Thursday, February 12, 2009

Initiating Insider Movements - critique on 'Common Ground

Recently I attended the Common Ground (CG) symposium in Atlanta, Georgia as part of a larger mission team wrestling with issues of contextualization in Muslim ministry. What I saw and heard, however was no small cause for alarm.

Muhammed was made out to be "a prophet in a New Testament sense" with his sins amply justified; the Qur'an the revelation that leads to Biblical truth; the people of Islam those "who love Jesus and His Kingdom" and Allah revealed in the Qur'an as the functional equivalent
of the YHWH.

The ground rules of the conference were:
Never—speak bad against the Qur'an
Never—speak bad against the People
Never---speak bad against the Prophet
Never---speak bad against Allah

In order to accomplish this, CG resorted to using a revisionist history of Islam and the life of Muhammed with a not-too subtle whitewashing of both as well as pouring Christian values into the texts and prescribed activities of Islam to make them appear more saintly. The Al-Fatiyah prayer was said to be "pretty." Theologically the conference could only be portrayed as shallow,
depending on extensive proof-texting and eisegesis to further the agenda.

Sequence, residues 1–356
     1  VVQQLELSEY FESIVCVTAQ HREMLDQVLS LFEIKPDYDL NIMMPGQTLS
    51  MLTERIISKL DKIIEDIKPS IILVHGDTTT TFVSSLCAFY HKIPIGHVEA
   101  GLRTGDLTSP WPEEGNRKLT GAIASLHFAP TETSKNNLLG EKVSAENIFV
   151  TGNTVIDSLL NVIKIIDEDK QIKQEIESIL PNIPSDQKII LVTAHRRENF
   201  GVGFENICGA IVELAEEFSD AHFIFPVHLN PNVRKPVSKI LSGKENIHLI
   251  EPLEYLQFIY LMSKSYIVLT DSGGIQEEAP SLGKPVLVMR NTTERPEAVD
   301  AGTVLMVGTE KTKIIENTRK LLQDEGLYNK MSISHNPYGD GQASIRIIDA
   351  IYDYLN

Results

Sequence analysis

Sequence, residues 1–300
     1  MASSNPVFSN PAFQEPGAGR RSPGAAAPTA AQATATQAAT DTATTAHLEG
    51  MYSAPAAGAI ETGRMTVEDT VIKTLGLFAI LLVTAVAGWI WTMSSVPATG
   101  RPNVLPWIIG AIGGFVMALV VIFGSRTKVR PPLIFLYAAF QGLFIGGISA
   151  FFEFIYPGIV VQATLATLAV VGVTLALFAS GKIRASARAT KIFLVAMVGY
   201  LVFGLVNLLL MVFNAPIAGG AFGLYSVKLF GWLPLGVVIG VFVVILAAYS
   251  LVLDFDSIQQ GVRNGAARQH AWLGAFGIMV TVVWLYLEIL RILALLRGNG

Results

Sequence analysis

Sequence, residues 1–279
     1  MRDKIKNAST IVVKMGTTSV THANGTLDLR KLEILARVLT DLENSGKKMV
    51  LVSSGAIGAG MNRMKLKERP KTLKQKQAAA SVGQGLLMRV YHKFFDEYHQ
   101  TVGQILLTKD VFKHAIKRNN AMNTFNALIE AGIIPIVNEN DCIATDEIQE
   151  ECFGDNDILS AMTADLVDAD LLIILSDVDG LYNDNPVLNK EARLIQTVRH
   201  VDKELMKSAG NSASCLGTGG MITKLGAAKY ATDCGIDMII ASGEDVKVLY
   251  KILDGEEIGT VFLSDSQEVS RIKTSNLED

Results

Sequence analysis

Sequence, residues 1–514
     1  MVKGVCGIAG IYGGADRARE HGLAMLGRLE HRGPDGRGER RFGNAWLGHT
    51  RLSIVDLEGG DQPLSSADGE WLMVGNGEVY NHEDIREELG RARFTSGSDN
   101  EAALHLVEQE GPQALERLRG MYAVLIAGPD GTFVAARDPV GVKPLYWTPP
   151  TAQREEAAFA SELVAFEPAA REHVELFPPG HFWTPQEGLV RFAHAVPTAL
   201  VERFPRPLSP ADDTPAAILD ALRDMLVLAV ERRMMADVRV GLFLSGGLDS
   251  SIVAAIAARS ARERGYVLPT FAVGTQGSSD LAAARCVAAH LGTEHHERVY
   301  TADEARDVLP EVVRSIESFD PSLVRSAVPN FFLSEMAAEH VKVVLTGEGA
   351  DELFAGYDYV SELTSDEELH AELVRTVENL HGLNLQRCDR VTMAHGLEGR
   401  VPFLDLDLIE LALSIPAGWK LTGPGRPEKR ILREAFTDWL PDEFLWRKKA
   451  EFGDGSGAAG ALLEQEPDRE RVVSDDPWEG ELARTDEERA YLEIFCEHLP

What is the agenda of the Common Ground Consultants?
I believe it is a way to propose a silver bullet to those who are discouraged about their results in Muslim ministry. Thus, under the guise of results and supposed love for Muslims, CG packages the best of the American dream informed by the spirit of the age, or the Zeitgeist:

-instant and guaranteed results-------the "victory stories" by a global battery of witnesses attested to this.
-persecution avoidance-----chameleons live longer than martyrs went the rationale
- a good image----now you can write home about the immense following you have created

This American dream falls far short of God's mission vision and the results that I see forthcoming are divisiveness, heretical tendencies, spurious conversions, and heterodoxy.

'Salaam Corniche'

PS an article on this conference 'Common Ground' will be published in in the near future

1 comment:

Snake Oil Baron said...

I am not a Christian but I do root for Christian evangelicals over the ideology of Islam. Christianity at least has morals and ethics and substantial teachings - even if I disagree with its epistemology and general ontology. So the idea of common ground between Islam and Christianity is not very reassuring to me. When the opponent is standing in quicksand one should avoid finding "common ground".